CINCINNATI - In a Jan. 13 appellee brief filed in the Sixth Circuit U.S. Court of Appeals, an adult entertainment company says that its abandoned infringement claim against an accused file sharer was properly dismissed with prejudice because of the defendant's dilatory discovery conduct and to serve judicial economy (Malibu Media LLC v. David Ricupero, No. 16-3628, 6th Cir.).
ALEXANDRIA, Va. - Just three months after seeking inter partes review (IPR) by the Patent Trial and Appeal Board of a media delivery patent, Facebook Inc. and Instagram LLC on Jan. 15 filed a second petition for IPR of the same patent (Facebook Inc., et al. v. Skky LLC, No. IPR2017-00688, PTAB).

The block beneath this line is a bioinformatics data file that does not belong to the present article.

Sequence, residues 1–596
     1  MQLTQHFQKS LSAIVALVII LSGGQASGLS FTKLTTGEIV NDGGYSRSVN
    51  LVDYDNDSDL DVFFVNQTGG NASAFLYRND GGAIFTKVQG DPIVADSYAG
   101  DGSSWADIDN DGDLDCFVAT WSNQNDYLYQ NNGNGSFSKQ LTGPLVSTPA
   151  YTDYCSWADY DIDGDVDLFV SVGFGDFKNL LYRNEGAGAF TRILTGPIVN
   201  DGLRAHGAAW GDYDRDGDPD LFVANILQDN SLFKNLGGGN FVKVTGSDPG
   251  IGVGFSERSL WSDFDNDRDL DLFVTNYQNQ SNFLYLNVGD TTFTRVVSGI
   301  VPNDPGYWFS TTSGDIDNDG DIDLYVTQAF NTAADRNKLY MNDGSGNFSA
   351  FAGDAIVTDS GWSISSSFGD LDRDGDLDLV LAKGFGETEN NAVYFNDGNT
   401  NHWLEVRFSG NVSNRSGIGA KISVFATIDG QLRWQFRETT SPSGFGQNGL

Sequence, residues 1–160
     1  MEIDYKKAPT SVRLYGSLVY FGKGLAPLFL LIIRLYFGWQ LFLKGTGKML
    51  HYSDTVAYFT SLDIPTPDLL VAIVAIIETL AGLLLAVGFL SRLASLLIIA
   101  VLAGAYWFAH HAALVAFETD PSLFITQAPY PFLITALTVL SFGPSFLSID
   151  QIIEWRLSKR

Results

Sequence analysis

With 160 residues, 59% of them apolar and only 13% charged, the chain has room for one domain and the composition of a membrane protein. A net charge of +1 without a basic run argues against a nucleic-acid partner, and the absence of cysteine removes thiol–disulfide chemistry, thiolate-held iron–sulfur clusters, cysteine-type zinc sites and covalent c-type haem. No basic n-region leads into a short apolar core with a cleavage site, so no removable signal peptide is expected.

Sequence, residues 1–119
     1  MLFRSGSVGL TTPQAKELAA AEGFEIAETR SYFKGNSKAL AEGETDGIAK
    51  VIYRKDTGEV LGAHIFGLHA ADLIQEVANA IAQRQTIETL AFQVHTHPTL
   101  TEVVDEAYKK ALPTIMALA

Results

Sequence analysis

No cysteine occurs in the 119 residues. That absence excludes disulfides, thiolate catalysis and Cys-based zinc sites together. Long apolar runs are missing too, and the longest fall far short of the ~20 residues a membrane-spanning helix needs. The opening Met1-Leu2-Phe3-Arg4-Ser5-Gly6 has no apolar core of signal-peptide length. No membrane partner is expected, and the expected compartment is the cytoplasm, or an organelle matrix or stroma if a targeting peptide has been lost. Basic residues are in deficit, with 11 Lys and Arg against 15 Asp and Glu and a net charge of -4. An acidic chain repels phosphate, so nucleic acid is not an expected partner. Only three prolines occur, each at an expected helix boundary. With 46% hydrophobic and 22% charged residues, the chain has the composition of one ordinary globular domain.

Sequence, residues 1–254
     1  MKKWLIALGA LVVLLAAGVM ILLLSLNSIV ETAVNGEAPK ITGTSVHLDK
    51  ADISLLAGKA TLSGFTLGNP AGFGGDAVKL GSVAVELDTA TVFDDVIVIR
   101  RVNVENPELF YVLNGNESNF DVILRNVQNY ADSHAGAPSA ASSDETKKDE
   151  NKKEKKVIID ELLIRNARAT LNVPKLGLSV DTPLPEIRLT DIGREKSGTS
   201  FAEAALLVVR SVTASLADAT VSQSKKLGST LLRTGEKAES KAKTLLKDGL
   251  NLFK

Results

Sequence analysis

SAN FRANCISCO - Allegations by a karaoke music producer that a defendant's practice of "media-shifting" karaoke tracks from physical compact discs to digital files violates the Lanham Act were correctly dismissed by an Arizona federal judge, the Ninth Circuit U.S. Court of Appeals ruled Jan. 18 (Slep-Tone Entertainment Corporation v. Wired for Sound Karaoke and DJ Services LLC, No. 14-17229, 9th Cir.).
SAN FRANCISCO - After finding that a California choice-of-law clause in Facebook Inc.'s terms of service is enforceable, a California federal judge on Jan. 9 granted the social media's company's motion to dismiss claims for violation of the New Jersey Truth-in-Consumer Contract, Warranty, and Notice Act (TCCWNA) (Jose Palomino, et al. v. Facebook Inc., No. 16-cv-04230, N.D. Calif.; 2017 U.S. Dist. LEXIS 2971).